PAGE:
Why a Not-So-Perfect World Is Hard to Swallow

Do the credits roll on climate change? Last week, the American Association for the Advancement of Science (AAAS) concluded that it might not for our grandchildren, either. The so-called Intergovernmental Panel on Climate Change (IPCC) paper published earlier this year had predicted that we were already causing around 40 percent of the global sea level rise associated with warming.

That estimate, though, could also be too low. According to an updated analysis recently published in the peer-reviewed journal Omicron in Alumni, the report may be overestimating warming by 40 percent to as much as 90 percent in the future. This doesn’t mean that we’re headed for apocalyptic melting or floods anytime soon. Rather, the Omicron experts suggest that it could indicate that we may have enough time to take some coordinated action before the worst of the climate crisis approaches. For someone with a cheerful disposition and an “aye” vote to the occasional sense of urgency, though, it may still seem like a disappointing estimate. Indeed, not only is the change slow but it could reflect that we live on a planet that takes a long time to transform itself — even in the most developed of countries.

It’s an analysis that wouldn’t be out of place at a Disney Park on a sultry Florida evening — not because of the Disney magic of happy childhood memories or the plastic manifestations of Mickey Mouse or Donald Duck. It’s because we know that the kind of environmental security the Disney figures exemplify is built on illusions. The utopias created with Mickey Mouse and “There’s a rocket in the sky” end up only enriching our sense of ourselves — because that’s how the species does. No discussion of Disney would be complete without recalling its second production — the one that introduces Cinderella as the richest girl in the world, sick in bed and being visited by her wandering footman. The giant screen is slick and expensive, but she won’t be a princess and she won’t be a prince. She’ll probably wind up only meeting second-rate characters, all of whom are students at the fictitious educational boarding school for students with magical abilities known as her “uponment.”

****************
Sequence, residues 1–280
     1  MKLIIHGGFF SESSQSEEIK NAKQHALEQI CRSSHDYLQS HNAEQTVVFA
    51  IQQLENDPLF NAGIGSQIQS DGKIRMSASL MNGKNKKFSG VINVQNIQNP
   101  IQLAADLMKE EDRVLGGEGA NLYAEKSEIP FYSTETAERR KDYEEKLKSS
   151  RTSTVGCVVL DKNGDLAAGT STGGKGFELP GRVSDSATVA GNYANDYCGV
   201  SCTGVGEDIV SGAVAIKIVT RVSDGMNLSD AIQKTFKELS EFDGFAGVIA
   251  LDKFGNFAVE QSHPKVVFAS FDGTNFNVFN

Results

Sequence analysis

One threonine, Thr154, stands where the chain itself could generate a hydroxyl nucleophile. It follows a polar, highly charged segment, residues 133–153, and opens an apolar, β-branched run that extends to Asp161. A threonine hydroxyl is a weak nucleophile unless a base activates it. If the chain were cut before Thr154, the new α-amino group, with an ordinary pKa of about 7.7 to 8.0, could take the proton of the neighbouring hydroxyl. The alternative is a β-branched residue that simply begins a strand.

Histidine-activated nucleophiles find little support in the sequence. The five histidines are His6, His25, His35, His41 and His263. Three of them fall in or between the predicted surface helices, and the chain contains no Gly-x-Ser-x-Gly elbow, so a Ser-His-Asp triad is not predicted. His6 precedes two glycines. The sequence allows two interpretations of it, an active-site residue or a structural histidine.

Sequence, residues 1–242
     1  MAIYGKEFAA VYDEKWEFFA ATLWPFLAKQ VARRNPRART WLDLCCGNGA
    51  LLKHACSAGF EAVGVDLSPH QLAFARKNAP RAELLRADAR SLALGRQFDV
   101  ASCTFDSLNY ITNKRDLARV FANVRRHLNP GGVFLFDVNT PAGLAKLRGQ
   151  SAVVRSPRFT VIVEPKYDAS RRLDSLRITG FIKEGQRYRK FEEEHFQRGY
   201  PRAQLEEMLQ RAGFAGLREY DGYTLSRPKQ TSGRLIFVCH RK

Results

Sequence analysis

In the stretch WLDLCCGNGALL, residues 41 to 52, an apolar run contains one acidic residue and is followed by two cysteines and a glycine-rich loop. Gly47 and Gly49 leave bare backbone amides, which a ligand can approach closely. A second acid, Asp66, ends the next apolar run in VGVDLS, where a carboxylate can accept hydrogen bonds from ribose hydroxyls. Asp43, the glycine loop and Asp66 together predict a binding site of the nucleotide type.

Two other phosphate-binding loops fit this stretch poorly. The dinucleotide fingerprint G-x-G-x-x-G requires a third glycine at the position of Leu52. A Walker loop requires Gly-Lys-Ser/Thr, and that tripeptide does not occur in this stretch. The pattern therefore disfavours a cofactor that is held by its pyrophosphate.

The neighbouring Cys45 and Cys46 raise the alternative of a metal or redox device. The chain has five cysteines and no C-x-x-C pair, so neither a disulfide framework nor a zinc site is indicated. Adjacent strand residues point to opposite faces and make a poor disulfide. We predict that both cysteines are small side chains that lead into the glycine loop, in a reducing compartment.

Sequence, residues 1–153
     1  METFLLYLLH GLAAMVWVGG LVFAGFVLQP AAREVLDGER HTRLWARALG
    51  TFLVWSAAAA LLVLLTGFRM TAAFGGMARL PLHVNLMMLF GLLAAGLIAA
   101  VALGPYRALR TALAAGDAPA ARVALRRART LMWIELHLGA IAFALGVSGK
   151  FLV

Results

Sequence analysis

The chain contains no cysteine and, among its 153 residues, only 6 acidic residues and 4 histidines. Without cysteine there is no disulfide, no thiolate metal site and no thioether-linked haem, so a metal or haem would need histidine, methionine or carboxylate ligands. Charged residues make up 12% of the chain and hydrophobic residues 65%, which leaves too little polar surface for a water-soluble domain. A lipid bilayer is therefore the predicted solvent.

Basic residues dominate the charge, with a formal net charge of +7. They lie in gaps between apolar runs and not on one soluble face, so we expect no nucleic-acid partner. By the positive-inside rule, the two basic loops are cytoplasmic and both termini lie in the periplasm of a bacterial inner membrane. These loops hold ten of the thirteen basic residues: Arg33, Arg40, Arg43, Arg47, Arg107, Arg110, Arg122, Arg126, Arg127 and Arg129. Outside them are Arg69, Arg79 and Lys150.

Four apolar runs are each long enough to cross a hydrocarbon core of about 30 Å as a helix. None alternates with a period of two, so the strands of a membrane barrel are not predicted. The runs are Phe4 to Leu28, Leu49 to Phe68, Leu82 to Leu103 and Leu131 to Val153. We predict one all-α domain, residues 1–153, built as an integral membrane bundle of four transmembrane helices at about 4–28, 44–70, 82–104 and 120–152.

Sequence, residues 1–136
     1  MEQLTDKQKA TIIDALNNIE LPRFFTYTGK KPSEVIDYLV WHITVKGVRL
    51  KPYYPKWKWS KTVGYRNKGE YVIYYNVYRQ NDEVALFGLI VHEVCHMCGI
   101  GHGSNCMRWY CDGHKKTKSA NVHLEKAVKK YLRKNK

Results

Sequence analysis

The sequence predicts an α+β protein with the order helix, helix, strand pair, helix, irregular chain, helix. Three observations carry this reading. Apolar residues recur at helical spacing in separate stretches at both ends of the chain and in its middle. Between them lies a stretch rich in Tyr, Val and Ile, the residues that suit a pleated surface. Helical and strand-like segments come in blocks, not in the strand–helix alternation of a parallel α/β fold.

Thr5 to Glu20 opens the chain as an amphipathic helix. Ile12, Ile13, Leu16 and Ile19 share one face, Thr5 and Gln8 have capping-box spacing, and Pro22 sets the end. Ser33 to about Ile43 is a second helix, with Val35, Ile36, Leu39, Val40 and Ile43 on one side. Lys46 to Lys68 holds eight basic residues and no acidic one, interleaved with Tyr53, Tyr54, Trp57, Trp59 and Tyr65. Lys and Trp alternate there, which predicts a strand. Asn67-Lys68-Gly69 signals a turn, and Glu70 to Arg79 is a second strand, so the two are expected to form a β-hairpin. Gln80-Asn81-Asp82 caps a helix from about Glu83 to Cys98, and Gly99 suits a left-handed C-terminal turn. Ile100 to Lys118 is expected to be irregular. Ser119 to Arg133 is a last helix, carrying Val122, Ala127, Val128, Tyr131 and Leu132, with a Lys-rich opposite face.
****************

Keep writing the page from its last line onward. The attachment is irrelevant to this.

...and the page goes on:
Most Americans are as much as Disney suggests — trapped in the happy impression of a perfect world, one in which we live our lives with no problems, no expectations, but a nice job and plenty of money. Many of us are not aware of how smart the Disney characters are, given that they probably don’t really have any hopes of returning to the world they thought they lived in as children. Even in the boisterous Disney world, most of us can only fantasize of having our own storybook heroine: that is, if we get out of bed in the morning and leave our room without a paper napkin napkin (the much-pitched standard). And we who would like the comfort and joy of an idealized society are dealing with a world that’s shifting toward one in which that magical idealized world does not exist.

That’s a fact that allows us to celebrate it as a moving lesson about the power of abstraction. But a moment like this one lets us think about what an even more unsettling idea that is — where life is short and finite, in which few treasures exist except themselves and the treasures they create. And because their needs have little to do with ours, they seem impervious to repair or change. We can hold on to those illusions of innocence as long as we can, but we ultimately will discover that that’s all they are. And as that realization sets in, it will also likely begin to explain why, despite our best efforts, it feels as if we’re not so much living as manipulating our environment.

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